President Obama is many things to many people but one thing he is not, nor is his administration is Barbara Eden as “Jeanie.” Despite media cries and opponent calls for immediacy, he simply cannot cross his arms and blink and have the economic malaise he inherited simply disappear overnight – or within his first six months in office. Sorry America, but it just cannot happen.
What this brilliant man did ask for, from day one after winning in November, is patience. He told us that the stimulus was not a “quick fix” but would ultimately help us recover and move the economy forward. And, it appears he might just be right, yet again.
According to 23 well-known economists and top forecasters surveyed by BNA (Bureau of National Affairs), the consensus predicts:
- The recession will end this summer, but most consumers won’t recognize it as a recovery until the middle or latter part of 2010.
- The glut of housing inventory weighing on the economy is beginning to correct as businesses which did not anticipate the absolute collapse of sales activity late last year realign inventories appropriately.
- The Obama administration's stimulus package will help support the recovery, though economists vary on how much weight to give it, particularly in the first year. Consensus is that, mostly by increasing business confidence, it will return the economy to full employment faster than would have been the case without it.
- A total of about 6 million payroll jobs have been lost, or 4.3 percent of employment since the recession began in December 2007. Panelists expect total losses to reach 7.6 million jobs by the time employment hits bottom in the first half of 2010, although the pace of the decline will decelerate steadily.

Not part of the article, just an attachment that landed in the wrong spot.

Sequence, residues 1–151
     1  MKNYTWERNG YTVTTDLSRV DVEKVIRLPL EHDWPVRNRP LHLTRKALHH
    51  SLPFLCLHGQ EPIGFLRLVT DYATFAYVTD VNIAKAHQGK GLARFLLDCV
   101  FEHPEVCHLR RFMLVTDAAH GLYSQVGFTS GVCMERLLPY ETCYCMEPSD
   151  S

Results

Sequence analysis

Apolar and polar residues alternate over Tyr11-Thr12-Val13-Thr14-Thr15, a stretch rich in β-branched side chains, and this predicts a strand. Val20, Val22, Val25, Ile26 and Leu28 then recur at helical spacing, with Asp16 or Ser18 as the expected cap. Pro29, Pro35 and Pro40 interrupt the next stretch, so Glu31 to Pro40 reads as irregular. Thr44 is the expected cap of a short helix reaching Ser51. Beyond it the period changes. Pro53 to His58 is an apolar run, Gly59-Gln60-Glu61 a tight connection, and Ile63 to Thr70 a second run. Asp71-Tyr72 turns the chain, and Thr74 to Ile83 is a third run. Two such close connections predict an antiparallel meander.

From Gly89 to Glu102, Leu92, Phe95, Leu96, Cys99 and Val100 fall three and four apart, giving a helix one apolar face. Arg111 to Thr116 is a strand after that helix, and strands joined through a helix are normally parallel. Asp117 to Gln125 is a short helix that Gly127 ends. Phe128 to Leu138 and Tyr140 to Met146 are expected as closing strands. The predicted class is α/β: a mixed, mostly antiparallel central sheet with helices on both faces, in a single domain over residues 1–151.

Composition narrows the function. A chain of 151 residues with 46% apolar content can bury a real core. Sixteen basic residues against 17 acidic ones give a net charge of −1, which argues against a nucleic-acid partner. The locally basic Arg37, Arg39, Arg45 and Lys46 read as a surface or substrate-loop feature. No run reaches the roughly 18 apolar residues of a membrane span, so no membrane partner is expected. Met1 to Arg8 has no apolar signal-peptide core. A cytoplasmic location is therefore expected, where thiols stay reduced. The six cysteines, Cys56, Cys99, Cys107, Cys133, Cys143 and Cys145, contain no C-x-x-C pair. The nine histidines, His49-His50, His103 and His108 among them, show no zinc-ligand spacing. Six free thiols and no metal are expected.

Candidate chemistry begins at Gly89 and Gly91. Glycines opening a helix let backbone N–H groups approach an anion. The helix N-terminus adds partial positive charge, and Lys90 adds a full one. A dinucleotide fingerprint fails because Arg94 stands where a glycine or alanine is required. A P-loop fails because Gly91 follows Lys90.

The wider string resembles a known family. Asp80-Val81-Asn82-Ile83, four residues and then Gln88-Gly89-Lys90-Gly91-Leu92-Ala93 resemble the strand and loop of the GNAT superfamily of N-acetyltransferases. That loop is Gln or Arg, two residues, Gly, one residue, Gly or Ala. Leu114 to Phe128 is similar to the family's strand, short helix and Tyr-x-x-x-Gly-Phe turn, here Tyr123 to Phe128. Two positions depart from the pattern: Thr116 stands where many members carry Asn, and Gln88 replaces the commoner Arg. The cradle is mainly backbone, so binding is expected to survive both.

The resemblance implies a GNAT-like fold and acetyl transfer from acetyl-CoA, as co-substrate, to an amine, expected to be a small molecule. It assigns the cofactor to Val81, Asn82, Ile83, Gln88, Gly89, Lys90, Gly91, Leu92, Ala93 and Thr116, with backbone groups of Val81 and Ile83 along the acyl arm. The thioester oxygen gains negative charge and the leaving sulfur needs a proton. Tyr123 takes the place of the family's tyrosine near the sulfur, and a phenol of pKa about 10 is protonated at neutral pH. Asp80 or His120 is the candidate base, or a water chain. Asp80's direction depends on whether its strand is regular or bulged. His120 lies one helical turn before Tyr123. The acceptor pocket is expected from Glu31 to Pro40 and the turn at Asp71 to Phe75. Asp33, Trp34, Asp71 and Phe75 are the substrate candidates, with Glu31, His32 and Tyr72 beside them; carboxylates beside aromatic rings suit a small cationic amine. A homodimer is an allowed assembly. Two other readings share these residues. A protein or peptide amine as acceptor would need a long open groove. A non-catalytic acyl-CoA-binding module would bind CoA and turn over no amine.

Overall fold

- In the first half of 2010, payrolls will grow on average 51,000 a month.
- Federal Reserve policymakers will keep monetary policy on hold this year. That will change in 2010 as the central bank acts to remove some easing, though not very aggressively, since inflation is expected to remain low. The consensus predicts the federal funds rate will reach 1 percent by the end of next year.
- Long-term interest rates as measured by the yield of the 10-year Treasury bond will rise to 4.33 percent by the end of 2010 from an average 3.82 percent at the end of this year. It is around 3.5 percent now.
- Credit conditions improve and the $787 billion fiscal stimulus package bolsters spending and mitigates state and local government cutbacks.
Patience is a virtue. Remember, it took skilled pols, businesses, economists, etc., seven years to get us here. Let’s at least give our new leader, our new commander in chief, our president, a full year before we throw in the towel.